When I bought my first DVD player back in 1999 I vowed that I would only buy really great movies - the classics, interesting indies, fantastic foreign flicks, etc. I wanted to develop a collection of the world’s best movies with no fluff. That died out with in a few months. At the time DVDs were still really rather expensive, running about $20 or more per film. Every now and again, I’d find a used sale at Blockbuster or some such place and you could grab something for ten or sometimes even five dollars. Such a bargain price often made me forget my only great movies concept and I’d find myself sitting at home with a copy of The Three Amigos or that "Al Pacino as a lawyer" drama …And Justice For All. Good movies, but not exactly the pride of my collection.
Later, I learned how to rip and burn a DVD from my computer and suddenly I was making daily trips to the library and signing up for Netflix by mail and making copies of movies until my I had stacks of disks laying everywhere. A year in China brought stacks more of all sorts of films as over there it was cheaper to buy them than rent them or even worry about whether or not the film was in the slightest way good.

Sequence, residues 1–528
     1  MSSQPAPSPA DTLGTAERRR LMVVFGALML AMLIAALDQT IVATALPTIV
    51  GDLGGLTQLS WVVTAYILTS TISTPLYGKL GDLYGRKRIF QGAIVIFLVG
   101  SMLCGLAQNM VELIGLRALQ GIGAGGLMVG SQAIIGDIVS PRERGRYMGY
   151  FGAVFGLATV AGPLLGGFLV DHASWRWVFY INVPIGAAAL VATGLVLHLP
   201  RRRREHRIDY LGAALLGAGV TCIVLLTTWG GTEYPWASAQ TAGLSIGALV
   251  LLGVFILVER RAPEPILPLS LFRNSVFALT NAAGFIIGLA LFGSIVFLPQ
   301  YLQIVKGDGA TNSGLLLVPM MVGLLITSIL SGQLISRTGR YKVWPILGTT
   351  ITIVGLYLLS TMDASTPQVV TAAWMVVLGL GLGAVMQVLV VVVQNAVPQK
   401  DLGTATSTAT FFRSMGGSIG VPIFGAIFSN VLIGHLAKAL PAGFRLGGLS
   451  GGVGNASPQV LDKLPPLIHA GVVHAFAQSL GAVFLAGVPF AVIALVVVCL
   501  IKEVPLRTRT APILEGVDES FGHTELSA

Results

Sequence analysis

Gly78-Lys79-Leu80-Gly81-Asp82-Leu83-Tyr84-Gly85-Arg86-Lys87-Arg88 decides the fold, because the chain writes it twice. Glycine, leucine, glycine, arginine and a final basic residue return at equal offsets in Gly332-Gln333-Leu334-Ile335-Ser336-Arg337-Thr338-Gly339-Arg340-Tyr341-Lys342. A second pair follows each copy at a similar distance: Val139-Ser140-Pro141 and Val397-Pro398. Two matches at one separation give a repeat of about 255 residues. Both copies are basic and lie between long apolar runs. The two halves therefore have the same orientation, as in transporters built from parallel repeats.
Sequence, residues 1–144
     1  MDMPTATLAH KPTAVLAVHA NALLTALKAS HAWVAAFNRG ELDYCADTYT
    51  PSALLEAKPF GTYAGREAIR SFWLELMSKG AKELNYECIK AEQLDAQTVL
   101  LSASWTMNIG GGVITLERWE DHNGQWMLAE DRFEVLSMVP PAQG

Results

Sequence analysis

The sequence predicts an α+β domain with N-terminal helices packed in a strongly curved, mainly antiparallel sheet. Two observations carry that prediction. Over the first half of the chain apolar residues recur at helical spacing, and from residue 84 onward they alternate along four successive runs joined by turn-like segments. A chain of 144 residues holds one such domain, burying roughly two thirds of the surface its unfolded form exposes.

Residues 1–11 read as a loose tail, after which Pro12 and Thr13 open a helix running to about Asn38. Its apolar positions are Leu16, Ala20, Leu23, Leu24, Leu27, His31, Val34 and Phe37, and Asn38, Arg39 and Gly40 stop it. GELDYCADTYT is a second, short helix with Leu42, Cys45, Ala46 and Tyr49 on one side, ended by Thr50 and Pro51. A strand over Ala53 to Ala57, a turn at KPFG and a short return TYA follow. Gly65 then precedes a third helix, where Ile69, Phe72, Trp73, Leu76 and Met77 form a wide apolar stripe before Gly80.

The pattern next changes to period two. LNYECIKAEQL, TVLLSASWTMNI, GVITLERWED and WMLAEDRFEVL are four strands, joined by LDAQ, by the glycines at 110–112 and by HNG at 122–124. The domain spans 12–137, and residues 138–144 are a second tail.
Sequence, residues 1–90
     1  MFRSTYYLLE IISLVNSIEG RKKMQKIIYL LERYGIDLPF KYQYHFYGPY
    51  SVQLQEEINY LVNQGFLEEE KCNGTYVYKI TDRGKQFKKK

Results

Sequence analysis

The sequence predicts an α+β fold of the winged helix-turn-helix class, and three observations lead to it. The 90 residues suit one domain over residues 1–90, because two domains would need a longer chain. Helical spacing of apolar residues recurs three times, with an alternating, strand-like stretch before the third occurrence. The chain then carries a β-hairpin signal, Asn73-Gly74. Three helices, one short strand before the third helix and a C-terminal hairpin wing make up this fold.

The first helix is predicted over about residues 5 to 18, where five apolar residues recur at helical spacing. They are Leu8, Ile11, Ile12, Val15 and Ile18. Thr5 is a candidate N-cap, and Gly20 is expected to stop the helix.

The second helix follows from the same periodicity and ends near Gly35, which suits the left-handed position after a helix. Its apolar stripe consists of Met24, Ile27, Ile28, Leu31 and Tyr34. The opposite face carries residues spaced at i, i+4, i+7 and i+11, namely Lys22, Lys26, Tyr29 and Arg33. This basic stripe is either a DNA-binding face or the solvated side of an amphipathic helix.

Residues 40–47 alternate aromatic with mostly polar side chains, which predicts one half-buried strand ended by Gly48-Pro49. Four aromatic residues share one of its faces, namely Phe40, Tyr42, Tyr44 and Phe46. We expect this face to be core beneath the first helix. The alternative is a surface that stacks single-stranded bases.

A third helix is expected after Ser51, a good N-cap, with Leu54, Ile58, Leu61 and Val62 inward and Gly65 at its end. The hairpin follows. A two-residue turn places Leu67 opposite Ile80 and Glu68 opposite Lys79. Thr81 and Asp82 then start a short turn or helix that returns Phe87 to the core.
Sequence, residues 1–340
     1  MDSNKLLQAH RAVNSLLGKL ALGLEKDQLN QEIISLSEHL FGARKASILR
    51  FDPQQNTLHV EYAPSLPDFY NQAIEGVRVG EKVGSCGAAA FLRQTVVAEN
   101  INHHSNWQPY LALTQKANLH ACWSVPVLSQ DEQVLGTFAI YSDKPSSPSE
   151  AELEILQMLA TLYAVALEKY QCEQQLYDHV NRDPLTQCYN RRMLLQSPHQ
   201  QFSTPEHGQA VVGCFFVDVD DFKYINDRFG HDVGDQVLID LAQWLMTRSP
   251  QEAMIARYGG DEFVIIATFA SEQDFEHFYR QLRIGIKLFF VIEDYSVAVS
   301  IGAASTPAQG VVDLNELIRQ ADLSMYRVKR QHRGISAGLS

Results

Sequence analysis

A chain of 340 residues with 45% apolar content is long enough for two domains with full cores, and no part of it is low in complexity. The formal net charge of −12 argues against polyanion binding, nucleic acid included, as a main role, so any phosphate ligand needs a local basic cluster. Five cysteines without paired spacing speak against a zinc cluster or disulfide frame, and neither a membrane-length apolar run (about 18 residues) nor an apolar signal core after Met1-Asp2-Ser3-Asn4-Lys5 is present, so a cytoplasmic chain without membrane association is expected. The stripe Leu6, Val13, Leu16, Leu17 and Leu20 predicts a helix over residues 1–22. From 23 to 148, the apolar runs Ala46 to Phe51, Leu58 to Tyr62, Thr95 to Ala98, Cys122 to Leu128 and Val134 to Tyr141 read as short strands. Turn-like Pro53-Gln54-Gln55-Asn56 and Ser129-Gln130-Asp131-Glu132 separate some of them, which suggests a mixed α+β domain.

I’d amassed a huge collection of films in varying degrees of quality in both terms of artistic merit and physicality. But I no longer cared. I was no longer interested in the collector aspect of film and only wanted to have plenty of things to watch. But then something happened and all that changed.
It was the Kindle that did it. I’d bought one so that I’d be able to do some reading while holding my baby girl. It's impossible to turn the pages in a real book while feeding a baby or letting her nap in your lap. A Kindle was easy to hold one-handed and I could read for hours on end.
How that changed my DVD-collecting habits comes like this: MP3s killed my CD collecting, streaming and downloading movies killed my DVD acquisitions, so books were the last physical media that I had held onto. Thing is, I like collecting things. I enjoy having a house full of objects that I can look at, or pull out and hold in my hand. But I don’t like collectibles, that is little things that do nothing more than sit on a shelf. I want the things I collect to have a real purpose. Movies, CDs, and books had always held that purpose. But with everything turning digital I could no longer collect those things. I could download them and put them on a hard drive. I could even list those things out or put them into some kind of spreadsheet. But that’s just not the same as having shelves full of the physical objects.
When I got the Kindle, I no longer had anything to collect. Somehow having nothing spurred me to start collecting everything again. Suddenly, I was spending my free time filling up my Amazon Wish List with all sorts of books, movies, and music. Then purchasing them. I’m still rather cheap when it comes to books and music, but I’m proud to say my DVD shelves are now full of classic, interesting cinema.